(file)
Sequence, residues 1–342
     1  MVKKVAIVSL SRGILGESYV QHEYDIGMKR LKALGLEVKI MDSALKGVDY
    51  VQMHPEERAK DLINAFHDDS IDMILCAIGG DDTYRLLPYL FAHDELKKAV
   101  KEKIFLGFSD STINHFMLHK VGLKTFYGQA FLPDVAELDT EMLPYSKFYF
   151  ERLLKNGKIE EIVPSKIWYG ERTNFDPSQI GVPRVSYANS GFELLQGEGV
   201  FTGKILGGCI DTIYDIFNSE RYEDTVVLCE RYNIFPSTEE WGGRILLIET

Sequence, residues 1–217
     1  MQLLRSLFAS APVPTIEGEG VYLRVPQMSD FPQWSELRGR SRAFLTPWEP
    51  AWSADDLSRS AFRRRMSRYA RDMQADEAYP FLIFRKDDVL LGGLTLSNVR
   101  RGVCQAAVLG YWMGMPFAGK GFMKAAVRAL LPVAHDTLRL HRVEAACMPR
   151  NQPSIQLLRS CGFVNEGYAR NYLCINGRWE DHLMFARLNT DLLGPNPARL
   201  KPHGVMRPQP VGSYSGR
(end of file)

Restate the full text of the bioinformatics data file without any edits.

Sequence, residues 1–342
     1  MVKKVAIVSL SRGILGESYV QHEYDIGMKR LKALGLEVKI MDSALKGVDY
    51  VQMHPEERAK DLINAFHDDS IDMILCAIGG DDTYRLLPYL FAHDELKKAV
   101  KEKIFLGFSD STINHFMLHK VGLKTFYGQA FLPDVAELDT EMLPYSKFYF
   151  ERLLKNGKIE EIVPSKIWYG ERTNFDPSQI GVPRVSYANS GFELLQGEGV
   201  FTGKILGGCI DTIYDIFNSE RYEDTVVLCE RYNIFPSTEE WGGRILLIET

Sequence, residues 1–217
     1  MQLLRSLFAS APVPTIEGEG VYLRVPQMSD FPQWSELRGR SRAFLTPWEP
    51  AWSADDLSRS AFRRRMSRYA RDMQADEAYP FLIFRKDDVL LGGLTLSNVR
   101  RGVCQAAVLG YWMGMPFAGK GFMKAAVRAL LPVAHDTLRL HRVEAACMPR
   151  NQPSIQLLRS CGFVNEGYAR NYLCINGRWE DHLMFARLNT DLLGPNPARL
   201  KPHGVMRPQP VGSYSGR